You can optionally identify each Swatch with a number (0-10), number +
Lab value (useful for Zone and Exposure Rulers) or HEX value. Luckily
the Hex value will just fit inside a square swatch!
The 'current' swatch (only really important if you wish to copy the HEX
value (Control+C )) is identified by a '#' or a '*' symbol above the hole.
'#' denotes normal rendition and '*' Munsell. You can switch between
them by using the '9' key.
The Swatch values can be created using the Colour Space (Lab, RGB or HSB)
that you normally use. If you create a Ruler for a particular value in
each of the 3 standard Colour Spaces (something you would not normally do),
you will notice that there may well be a slight difference between the
swatches. The Tone Swatches are defined in terms of percentages.
So, for instance, 50% is mid-grey RGB 128,128,128 but that is not the same
as Lab Luminosity 50 (which is RGB 118,118,118). The same is true for coloured
swatches. The default is Lab mode.
The Ruler floats over the screen and you can drag it around with the
mouse by clicking and dragging it - it is 'invisible' to most programs.
There are rather a lot of options, but the style settings will be remembered
between invocations of the Colour Watcher - so once you decide on the how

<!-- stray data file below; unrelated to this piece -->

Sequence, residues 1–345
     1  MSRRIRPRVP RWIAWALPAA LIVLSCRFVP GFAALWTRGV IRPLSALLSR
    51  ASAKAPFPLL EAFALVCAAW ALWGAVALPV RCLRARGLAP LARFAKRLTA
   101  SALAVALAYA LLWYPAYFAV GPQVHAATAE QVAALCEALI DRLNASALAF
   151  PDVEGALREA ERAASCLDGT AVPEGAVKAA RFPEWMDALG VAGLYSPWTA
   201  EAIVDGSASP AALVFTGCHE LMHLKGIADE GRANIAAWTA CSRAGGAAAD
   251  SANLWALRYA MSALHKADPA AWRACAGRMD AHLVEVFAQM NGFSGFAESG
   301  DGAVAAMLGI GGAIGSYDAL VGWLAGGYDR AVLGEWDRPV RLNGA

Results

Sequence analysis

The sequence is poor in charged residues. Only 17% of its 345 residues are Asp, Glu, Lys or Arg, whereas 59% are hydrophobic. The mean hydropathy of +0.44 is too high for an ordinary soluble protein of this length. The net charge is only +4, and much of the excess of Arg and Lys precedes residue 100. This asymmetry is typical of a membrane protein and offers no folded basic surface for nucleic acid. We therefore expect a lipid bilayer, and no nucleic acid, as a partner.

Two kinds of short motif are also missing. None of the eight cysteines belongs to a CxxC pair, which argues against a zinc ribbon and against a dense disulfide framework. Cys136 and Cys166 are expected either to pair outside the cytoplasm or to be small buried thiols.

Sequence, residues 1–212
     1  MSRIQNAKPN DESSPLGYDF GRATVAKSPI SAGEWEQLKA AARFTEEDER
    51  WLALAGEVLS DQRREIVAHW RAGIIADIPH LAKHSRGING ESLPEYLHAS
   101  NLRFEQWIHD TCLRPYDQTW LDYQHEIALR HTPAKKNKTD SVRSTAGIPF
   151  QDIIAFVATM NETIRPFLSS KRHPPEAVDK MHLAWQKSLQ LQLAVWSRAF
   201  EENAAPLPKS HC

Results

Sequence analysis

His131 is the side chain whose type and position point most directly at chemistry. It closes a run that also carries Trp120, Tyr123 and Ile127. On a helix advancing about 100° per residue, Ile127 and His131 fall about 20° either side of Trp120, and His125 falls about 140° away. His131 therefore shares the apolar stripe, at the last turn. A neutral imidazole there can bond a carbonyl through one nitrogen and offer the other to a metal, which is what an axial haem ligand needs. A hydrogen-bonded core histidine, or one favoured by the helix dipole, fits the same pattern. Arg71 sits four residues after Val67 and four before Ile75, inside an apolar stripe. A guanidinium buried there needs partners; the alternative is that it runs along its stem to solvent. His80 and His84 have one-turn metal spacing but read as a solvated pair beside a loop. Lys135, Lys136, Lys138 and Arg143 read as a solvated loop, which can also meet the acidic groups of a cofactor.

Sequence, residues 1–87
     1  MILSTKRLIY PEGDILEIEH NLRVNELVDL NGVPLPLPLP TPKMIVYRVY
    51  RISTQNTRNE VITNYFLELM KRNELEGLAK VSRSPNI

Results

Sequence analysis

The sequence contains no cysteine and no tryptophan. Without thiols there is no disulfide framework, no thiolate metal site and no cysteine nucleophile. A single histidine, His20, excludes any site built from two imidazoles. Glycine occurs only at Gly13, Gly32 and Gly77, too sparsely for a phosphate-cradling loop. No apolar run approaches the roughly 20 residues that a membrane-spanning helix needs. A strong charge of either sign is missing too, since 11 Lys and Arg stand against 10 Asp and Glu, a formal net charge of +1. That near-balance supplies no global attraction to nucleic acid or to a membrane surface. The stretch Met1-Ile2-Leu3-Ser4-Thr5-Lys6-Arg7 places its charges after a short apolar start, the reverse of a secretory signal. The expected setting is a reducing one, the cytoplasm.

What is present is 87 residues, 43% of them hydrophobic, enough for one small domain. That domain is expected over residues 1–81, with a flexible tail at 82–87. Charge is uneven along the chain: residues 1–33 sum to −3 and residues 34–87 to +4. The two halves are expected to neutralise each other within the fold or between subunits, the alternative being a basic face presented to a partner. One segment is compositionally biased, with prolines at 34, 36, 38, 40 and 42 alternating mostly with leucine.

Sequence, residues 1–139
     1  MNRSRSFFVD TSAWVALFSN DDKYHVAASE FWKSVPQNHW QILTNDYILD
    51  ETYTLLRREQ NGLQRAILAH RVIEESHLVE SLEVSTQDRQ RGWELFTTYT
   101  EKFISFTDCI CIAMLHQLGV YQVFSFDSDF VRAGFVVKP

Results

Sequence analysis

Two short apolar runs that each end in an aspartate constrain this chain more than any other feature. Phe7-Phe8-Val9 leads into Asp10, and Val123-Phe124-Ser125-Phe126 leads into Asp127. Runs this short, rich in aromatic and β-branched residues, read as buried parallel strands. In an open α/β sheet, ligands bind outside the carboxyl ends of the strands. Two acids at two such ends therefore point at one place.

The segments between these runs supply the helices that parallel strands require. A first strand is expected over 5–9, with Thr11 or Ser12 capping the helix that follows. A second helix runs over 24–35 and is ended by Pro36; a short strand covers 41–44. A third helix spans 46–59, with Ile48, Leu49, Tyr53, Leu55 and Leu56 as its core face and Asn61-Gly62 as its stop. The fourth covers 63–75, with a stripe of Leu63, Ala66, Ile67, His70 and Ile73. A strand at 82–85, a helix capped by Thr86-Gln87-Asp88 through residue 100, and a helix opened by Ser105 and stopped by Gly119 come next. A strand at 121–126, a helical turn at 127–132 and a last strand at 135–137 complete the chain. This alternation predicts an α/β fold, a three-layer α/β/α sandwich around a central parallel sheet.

you want to use them you can forget all the combinations!
The Ruler can be controlled from the Colour Watcher, or from itself.
If you want to change the colour of the Ruler then you must do this by
hitting one of the keys '1' to '8', or 'S' (for
Saturation) after you
have positioned the mouse and the Colour Watcher is the Active window.
The '0' key will toggle the Ruler off/on
and the '9' key will toggle between Normal and Munsell renditions.
So I repeat... I would suggest that you use the keys 0,1-8 & S
to interact with the ruler rather than the menu, because the Watcher program
will be monitoring the pixel under the mouse - and who would want a ruler of the
The Colour Watcher's Menu
Note, use capital C and Control to copy the current Swatch HEX value to
the clipboard - normal Control + 'c' (lower case) will copy the Watcher's
The option to show the values of the Ruler's swatches ('D') and list the Ruler text definition files
('A') is only available from
the Watcher's menu.
The Ruler's Own Menu
The Tone Ruler's menu is invoked by right mouse clicking on it.
There are 2 features that are not available from the Watcher's menu (the
remainder are duplicated). Changing the size of the swatches and
Saving the ruler ('s' key) into a .bmp file.
Note that you can use the Spacebar to remove a ruler (while it has
focus). I chose that key in case the window beneath actually had the
focus and I hope that a space would do less damage, to the underlying
program, than any other key!
Have a look at the Help page for a
wee bit more information.
If you wish to start exploring the colours and tones using the Ruler, then there
is an option (key 'D') to Show the Ruler Values in a separate real window
(as the actual ruler swatches are invisible to nearly all programs!).
Once launched, these windows are separate from the main program and will
stay around until individually closed.
Do be aware that when you save a Ruler in a bmp file, or via the Show
feature, that on subsequent viewing the screen colours may be different
depending on the rendition profiles of the program displaying them.